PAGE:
Saturday, 2 July 2011

Pari people

 Pari (Paeri) or Jo-Pari (people of Pari)

Area of residence:
 Lafon County (formerly Torit District).

History of Pari Land

In the past Pari lived in Lipul Hill (Jebel Lafon) in Wiatuo, Bura, Puchwa, Pugeri, Kor and Angulumere.
In 1993 all the villages were burnt down in the war, which left people scattered and now live in various settlements along the Hoss ‘Atondi’ river to the east and the Hinyetti ‘Chol’ river to the east. 


Dhi-Pari (mouth of Pari).The Pari people are a Luo speaking people of the Nilotic language group.


The Pari clearly recognize their Luo origin. Oral tradition has it that all Luo used to live together at ‘Wi-Pach’ somewhere in eastern Bahr el Ghazal. They then dispersed because of the quarrel among the three brothers: Nyikango, Dimo and Giilo. There is another story of fight among two brothers, Uthienho and Giilo. The latter was killed by the former because of jealousy. It seems that this story refers to an event of more ancient times.

Society and traditions

There are two traditional political systems among the Pari: chieftainship and mojomiji, a graded age-set system. A village is a political and territorial unit and each has its own hereditary chief (rwath). But the chief of Wiatuo, the largest village, is recognized as the chief for the entire Pari. He is the ‘rain-chief’ (rwadhi-koth) whose main role is to bring enough rain for the whole community. Apart from him, there is a ‘bird-chief’ (rwadhi-winyo) whose job is rather specific: to get rid of weaver birds that may destroy sorghum. He is from Puchwa village, but is responsible for the Pari as a whole.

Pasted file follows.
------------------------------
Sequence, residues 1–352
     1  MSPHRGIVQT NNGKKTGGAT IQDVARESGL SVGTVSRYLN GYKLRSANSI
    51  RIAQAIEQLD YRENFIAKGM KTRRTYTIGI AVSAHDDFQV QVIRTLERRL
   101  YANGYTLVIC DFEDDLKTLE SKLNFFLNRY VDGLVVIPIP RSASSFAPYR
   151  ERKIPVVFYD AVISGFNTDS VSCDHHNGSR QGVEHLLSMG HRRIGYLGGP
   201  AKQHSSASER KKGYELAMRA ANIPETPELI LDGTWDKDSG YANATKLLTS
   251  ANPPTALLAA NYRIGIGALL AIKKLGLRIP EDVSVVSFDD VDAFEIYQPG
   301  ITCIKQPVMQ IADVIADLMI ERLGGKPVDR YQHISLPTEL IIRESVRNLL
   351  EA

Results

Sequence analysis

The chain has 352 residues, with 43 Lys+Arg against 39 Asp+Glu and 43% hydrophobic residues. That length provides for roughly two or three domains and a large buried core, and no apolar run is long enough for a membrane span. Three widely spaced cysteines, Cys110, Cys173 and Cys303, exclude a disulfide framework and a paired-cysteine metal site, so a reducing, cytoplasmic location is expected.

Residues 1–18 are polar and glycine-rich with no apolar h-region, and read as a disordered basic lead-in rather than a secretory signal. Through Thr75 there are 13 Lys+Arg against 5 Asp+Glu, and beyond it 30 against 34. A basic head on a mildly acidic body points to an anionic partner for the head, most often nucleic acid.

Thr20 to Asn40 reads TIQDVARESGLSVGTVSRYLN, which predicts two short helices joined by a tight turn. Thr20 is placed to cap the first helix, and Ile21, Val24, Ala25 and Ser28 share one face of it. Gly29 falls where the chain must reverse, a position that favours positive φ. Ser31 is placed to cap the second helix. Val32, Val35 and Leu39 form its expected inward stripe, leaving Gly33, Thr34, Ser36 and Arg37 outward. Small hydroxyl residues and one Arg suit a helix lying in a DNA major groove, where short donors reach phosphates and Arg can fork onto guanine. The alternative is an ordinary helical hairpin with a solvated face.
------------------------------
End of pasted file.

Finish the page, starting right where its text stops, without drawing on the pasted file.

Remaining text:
The Pari believe in jwok (pl. juu). There are many places of jwok, including Lipul, where offerings and sacrifices are made. They also say that Jwok is like the wind and is therefore, everywhere. This is both good and bad for human beings. There are traditional healers-diviners or witch doctors. They are both men and women and called ajwa (pl. ajuu). A dying person makes either a blessing (gweth) or curse (cien). The power  of a curse is very much feared, as it may bring disasters not only to individuals but to the entire community.

References,Images and further reading: Gurtong

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